Talk to your doctor about trying a liposomal vitamin D. Liposomal vitamins have an easier time passing through the blood-brain barrier and are more easily absorbed by the body. 

Another option for getting adequate vitamin D is a light therapy lamp. Investing in a light therapy lamp can also help compensate for the lack of exposure to the sun. An effective light therapy lamp can help rewire your biological clock, regulate your body’s circadian rhythm and sleep patterns, increase alertness and activate your body’s production of serotonin. It’s important to be mindful when using light therapy lamps as too much time using them can lead to the same damaging effects of the sun. 


With winter comes bad weather – which makes getting out of the house and into the gym or even outside that much more difficult. Finding a form of daily movement has been shown to make a serious difference in those suffering from seasonal depression. 

Here’s how it helps: high-intensity exercise releases the body’s feel-good chemicals called endorphins, resulting in what people call a “runner’s high.” But if HIIT workouts aren’t your cup of tea, don’t worry – there’s also serious value in low-intensity exercise. That kind of activity spurs the release of proteins called neurotrophic or growth factors, which cause nerve cells to grow and make new connections – leading to improvements in brain functions and an overall better mood.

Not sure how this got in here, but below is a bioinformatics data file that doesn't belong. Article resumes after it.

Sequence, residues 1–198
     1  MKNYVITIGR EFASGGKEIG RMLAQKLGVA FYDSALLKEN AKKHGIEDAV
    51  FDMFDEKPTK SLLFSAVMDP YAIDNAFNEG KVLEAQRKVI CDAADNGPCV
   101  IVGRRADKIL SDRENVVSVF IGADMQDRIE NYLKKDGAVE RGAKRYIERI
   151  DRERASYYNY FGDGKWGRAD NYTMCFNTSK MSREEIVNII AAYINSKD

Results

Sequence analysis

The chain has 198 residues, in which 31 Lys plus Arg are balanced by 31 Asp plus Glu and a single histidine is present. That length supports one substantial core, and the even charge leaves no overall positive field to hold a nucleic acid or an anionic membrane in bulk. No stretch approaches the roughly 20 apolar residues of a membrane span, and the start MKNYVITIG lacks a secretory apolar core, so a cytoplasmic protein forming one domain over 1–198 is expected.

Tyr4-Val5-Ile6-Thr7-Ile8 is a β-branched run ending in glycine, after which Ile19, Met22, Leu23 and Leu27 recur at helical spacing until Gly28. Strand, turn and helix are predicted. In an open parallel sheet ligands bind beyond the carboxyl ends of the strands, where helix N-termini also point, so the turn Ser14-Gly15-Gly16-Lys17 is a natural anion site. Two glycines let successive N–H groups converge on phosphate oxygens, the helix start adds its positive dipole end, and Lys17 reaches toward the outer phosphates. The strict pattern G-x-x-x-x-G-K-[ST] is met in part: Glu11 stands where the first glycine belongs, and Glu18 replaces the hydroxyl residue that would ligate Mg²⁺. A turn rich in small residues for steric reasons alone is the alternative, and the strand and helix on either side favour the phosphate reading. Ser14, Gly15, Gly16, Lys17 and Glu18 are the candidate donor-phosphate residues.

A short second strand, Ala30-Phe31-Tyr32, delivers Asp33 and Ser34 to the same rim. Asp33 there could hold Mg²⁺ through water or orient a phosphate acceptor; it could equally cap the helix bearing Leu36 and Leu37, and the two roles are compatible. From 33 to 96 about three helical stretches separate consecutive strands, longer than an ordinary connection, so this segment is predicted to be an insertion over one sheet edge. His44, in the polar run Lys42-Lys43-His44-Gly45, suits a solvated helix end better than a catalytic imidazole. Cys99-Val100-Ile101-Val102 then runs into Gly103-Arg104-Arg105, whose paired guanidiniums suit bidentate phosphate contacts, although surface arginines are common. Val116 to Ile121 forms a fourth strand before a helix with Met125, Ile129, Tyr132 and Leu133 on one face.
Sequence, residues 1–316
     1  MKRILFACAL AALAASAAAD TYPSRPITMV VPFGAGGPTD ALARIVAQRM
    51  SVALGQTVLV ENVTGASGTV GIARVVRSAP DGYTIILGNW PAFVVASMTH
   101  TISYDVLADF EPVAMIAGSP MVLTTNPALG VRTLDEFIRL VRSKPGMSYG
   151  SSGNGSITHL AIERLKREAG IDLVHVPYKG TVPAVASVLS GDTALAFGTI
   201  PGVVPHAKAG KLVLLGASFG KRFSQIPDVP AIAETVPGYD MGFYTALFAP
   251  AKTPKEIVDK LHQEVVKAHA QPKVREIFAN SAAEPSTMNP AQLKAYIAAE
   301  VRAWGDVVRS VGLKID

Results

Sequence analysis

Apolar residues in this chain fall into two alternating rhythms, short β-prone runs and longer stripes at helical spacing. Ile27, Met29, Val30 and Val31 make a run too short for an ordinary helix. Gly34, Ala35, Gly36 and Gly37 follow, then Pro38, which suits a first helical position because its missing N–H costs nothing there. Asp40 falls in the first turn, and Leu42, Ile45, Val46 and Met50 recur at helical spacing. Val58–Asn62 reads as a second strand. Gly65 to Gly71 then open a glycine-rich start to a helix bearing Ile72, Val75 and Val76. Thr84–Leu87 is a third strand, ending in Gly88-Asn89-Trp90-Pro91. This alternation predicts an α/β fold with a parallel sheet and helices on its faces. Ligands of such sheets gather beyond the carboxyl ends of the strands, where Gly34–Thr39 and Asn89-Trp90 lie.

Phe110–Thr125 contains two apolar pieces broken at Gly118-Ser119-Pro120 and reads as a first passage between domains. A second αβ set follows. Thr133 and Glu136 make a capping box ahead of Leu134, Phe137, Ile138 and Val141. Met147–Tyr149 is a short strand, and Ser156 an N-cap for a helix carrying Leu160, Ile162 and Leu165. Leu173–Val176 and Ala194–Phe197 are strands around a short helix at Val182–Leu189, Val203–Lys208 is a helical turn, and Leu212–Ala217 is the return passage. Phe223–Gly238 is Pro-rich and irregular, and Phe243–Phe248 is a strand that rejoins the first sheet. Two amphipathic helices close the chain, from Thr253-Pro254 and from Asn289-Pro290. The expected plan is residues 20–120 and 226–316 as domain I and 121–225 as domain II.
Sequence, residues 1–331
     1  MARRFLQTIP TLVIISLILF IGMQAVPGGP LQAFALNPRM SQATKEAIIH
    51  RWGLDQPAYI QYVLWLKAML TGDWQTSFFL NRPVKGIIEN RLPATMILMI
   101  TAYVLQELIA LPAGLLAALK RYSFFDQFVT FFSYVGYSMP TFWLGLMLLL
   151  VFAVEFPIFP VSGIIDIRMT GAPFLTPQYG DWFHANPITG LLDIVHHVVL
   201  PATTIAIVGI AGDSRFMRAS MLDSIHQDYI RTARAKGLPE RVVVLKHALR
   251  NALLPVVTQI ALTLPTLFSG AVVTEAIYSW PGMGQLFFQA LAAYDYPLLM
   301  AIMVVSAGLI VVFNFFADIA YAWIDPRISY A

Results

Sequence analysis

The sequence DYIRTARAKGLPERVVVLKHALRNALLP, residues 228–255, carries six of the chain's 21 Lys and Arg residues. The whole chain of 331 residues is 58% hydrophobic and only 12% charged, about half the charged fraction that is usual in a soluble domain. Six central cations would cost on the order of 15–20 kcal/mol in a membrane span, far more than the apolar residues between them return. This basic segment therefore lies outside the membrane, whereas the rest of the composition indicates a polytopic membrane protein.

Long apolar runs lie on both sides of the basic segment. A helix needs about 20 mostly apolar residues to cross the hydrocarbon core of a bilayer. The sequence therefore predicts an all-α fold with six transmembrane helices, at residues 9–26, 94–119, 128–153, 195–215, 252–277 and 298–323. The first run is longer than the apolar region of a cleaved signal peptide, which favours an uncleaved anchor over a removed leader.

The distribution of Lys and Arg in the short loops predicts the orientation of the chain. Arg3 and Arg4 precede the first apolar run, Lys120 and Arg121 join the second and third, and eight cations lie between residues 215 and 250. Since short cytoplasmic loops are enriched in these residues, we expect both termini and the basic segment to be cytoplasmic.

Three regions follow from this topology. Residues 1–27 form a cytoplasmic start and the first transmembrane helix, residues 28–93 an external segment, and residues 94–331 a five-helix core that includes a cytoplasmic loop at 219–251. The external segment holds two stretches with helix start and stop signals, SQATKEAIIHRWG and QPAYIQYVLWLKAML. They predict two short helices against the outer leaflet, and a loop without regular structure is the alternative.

Try to find one or two forms of physical activity you love and look forward to and schedule a time for each day to accomplish one. It doesn’t matter if it’s fifteen minutes or a full hour, all movement counts! Movement is the body’s natural way to relieve tension and stress, improve both mental and physical energy and create a general state of wellbeing.


When we’re stressed and depressed, our brain seeks comfort in the form of sugary or processed foods. These foods provide a quick dopamine release that provides a quick fix to a much deeper problem. 

Too much sugar, processed foods and seed oils can lead to inflammation in the brain and the body.  Systemic inflammation has been shown to worsen both anxiety and depression, potentially causing a depressive-eating cycle that’s hard to escape from.